Titanium aluminium nitride

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Aluminium titanium nitride (AlTiN) coated endmills using cathodic arc deposition technique

Titanium aluminium nitride (TiAlN) or aluminium titanium nitride (AlTiN; for aluminium contents higher 50 at.%) stands for a group of metastable hard coatings consisting of the metallic elements aluminium and titanium, and nitrogen. Four important compositions (metal content 100 at.%) are deposited in industrial scale by physical vapor deposition methods:

  • Ti50Al50N (industrially introduced by the company CemeCoat (now Cemecon) Aachen, BRD, group T. Leydecker ca. 1989)[1]
  • Al55Ti45N (industrially introduced by the company Metaplas Ionon (now Sulzer Metaplas), Bergisch Gladbach, BRD, group J. Vetter ca. 1999)
  • Al60Ti40N (industrially introduced by the company Kobe Steel, Kobe, Japan, ca. 1992)
  • Al66Ti34N (industrially introduced by the company Metaplas (now Sulzer Metaplas) group J. Vetter ca. 1996).[2]

The fundamental reasons why TiAlN coatings outperform pure TiN coatings are considered to be:

  • Increased oxidation resistance at elevated temperatures due to the formation of a protective aluminium-oxide layer at the surface
  • Increased hardness in the freshly deposited films due to micro-structure changes and solid solution hardening
  • Age hardening of the coatings at temperatures typical for cutting tools operation due to spinodal decomposition of TiAlN into TiN and cubic AlN [3]

The age hardening phenomena has been shown to originate in a mismatch in the quantum mechanical electronic structure of TiN and AlN.[4]

The coatings are mostly deposited by cathodic arc deposition or magnetron sputtering. Even though most TiAlN and AlTiN coatings are industrially synthesized using alloy targets with specific percentages of aluminium and titanium it is possible to produce TiAlN coatings with pure Al and Ti targets using a cathodic arc deposition technique. TiAlN and AlTiN coatings from pure Al and pure Ti targets by Cathodic arc deposition have been produced industrially by NanoShield PVD Thailand since 1999. By using separate target technology it is possible to offer more flexibility regarding the structure and composition of the coating.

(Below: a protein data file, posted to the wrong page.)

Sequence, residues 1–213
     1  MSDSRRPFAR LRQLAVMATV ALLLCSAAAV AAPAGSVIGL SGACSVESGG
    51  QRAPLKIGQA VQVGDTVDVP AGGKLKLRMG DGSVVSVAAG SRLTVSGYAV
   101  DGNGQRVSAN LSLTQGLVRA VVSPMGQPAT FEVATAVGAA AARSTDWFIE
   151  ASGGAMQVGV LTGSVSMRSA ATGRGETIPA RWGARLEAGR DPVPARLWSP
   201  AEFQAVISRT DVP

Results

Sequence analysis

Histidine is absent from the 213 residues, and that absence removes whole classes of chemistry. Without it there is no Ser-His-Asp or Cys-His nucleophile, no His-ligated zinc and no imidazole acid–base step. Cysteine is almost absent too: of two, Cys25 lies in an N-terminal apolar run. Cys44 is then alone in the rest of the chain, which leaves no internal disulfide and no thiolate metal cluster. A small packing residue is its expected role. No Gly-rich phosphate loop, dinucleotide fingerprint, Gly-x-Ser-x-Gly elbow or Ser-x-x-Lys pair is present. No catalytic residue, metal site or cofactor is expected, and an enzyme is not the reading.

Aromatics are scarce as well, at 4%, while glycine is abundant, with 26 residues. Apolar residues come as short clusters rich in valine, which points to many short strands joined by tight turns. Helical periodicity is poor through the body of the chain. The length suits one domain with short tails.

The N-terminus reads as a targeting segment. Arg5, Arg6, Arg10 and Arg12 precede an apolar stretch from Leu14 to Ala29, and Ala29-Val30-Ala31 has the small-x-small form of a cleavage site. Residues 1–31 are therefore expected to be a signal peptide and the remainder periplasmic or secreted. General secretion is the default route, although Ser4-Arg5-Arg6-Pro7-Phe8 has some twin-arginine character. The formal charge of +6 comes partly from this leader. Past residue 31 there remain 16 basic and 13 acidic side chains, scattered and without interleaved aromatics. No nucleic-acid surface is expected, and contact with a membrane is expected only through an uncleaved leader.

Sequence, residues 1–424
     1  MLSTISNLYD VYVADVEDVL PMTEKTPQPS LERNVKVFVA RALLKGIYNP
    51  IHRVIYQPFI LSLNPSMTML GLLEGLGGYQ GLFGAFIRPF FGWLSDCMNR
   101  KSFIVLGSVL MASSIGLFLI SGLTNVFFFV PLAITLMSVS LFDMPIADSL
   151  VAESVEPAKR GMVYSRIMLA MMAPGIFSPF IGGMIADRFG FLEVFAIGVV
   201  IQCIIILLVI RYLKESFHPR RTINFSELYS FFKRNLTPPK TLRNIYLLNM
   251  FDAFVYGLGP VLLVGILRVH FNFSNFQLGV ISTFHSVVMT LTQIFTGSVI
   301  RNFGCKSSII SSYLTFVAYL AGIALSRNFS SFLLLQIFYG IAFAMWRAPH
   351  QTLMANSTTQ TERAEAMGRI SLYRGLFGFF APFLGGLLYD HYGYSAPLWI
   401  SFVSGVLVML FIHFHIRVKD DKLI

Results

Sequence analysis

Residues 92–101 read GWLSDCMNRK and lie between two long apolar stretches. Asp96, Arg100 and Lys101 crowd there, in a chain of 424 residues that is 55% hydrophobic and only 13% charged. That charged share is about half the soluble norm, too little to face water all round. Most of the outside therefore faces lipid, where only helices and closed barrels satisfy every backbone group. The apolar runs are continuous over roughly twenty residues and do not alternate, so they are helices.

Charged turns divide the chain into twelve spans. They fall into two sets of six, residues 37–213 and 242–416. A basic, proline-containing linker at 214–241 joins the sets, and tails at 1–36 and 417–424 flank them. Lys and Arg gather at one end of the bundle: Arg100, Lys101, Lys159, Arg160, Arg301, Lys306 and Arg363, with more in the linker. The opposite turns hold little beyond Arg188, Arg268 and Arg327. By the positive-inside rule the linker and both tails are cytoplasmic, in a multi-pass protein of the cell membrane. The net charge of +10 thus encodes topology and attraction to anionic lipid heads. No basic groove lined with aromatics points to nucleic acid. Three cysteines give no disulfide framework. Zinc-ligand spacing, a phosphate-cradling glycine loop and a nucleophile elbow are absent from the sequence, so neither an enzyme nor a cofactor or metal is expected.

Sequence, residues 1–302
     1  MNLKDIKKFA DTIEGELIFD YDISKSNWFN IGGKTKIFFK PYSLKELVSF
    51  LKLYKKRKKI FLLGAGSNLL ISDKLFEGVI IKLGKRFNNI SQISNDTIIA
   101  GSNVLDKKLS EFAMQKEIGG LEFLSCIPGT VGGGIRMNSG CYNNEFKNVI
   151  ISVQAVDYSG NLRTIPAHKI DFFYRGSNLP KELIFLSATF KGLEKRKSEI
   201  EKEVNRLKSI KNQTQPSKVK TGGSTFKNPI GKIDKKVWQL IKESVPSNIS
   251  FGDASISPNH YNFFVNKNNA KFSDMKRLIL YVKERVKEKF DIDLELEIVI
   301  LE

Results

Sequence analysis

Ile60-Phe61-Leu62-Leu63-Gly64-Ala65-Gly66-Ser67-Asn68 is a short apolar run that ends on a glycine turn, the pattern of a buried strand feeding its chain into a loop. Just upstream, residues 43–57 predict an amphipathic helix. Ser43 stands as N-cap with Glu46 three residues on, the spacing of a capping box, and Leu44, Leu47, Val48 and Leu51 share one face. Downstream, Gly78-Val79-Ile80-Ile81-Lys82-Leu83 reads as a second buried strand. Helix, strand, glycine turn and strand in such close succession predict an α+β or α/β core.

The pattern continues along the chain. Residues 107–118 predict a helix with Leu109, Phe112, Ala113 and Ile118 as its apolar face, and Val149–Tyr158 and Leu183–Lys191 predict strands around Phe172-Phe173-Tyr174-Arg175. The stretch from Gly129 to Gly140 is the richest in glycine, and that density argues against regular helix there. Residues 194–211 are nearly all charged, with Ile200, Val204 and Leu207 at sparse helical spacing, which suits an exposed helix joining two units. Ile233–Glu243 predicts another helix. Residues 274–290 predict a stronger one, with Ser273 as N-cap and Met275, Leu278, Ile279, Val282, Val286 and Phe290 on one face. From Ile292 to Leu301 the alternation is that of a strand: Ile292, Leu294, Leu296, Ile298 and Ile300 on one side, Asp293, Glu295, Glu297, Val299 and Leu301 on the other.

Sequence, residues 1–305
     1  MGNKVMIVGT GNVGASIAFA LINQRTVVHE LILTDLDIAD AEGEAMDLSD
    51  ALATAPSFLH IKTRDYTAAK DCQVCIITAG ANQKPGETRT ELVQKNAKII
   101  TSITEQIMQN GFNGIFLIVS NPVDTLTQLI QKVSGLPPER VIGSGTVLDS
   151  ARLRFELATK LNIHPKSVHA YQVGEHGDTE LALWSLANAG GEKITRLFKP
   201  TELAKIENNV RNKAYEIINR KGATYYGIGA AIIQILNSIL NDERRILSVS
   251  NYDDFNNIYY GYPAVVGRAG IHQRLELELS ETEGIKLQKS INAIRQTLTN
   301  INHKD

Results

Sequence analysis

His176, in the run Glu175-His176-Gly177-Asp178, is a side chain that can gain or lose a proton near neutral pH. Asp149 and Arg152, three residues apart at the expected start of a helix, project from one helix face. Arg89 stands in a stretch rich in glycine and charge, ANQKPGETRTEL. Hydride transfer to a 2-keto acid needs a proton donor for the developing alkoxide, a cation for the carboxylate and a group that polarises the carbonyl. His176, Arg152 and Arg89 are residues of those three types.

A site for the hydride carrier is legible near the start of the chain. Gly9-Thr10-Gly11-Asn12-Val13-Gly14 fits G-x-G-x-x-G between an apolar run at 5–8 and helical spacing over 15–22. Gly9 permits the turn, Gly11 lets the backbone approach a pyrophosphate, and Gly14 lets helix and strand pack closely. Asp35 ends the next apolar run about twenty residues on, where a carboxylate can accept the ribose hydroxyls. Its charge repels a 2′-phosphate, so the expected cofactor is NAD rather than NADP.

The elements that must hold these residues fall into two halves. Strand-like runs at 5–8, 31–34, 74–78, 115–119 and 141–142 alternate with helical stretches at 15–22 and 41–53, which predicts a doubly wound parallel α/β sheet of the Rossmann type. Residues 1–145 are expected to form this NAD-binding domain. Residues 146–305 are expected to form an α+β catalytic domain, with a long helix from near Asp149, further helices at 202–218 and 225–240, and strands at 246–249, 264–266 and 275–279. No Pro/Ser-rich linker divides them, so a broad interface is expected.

Selected properties of Al66Ti34N are:

  • Vickers hardness 2600 to 3300 HV.
  • Phase stability ca. 850 °C, start of decomposition to AlN+TiN.
  • Intense oxidation starts at about 800 °C (ca. 300 °C higher than for TiN).
  • Lower electrical and thermal conductivity than TiN.
  • Typical coating thickness ca. (1 to 7) µm.

One commercial coating type used to improved the wear resistance of tungsten carbide tools is the AlTiN-Saturn from Sulzer Metaplas.[5]

The coatings are sometimes doped with at least of one the elements carbon, silicon, boron, oxygen or yttrium in order to improve selected properties for specific applications. These coatings are also used to create multilayer systems. For example they can be used in combination with TiSiXN like those used in the Mpower coating family of Sulzer Metaplas. The coating types mentioned above are applied to protect tools including special tools for medical applications. They are also used as decorative finishes.

One derivative of TiAlN coating technology is the nanocomposite TiAlSiN (titanium aluminium silicon nitride) which was developed by SHM in the Czech Republic and now marketed by Platit of Switzerland. The nanocomposite TiAlSiN coating exhibits superhard hardness and outstanding high temperature workability.

References[edit]

  1. ^ Leyendecker, T; Lemmer, O; Esser, S; Ebberink, J (1991). "The development of the PVD coating TiAlN as a commercial coating for cutting tools". Surface and Coatings Technology 48: 175. doi:10.1016/0257-8972(91)90142-J. 
  2. ^ Vetter, J (1995). "Vacuum arc coatings for tools: potential and application". Surface and Coatings Technology. 76-77: 719. doi:10.1016/0257-8972(95)02499-9. 
  3. ^ Mayrhofer, Paul H.; Hörling, Anders; Karlsson, Lennart; Sjölén, Jacob; Larsson, Tommy; Mitterer, Christian; Hultman, Lars (2003). "Self-organized nanostructures in the Ti–Al–N system". Applied Physics Letters 83: 2049. doi:10.1063/1.1608464. 
  4. ^ Alling, B.; Ruban, A.; Karimi, A.; Peil, O.; Simak, S.; Hultman, L.; Abrikosov, I. (2007). "Mixing and decomposition thermodynamics of c-Ti1−xAlxN from first-principles calculations". Physical Review B 75. doi:10.1103/PhysRevB.75.045123. 
  5. ^ PVD High-Performance Coating

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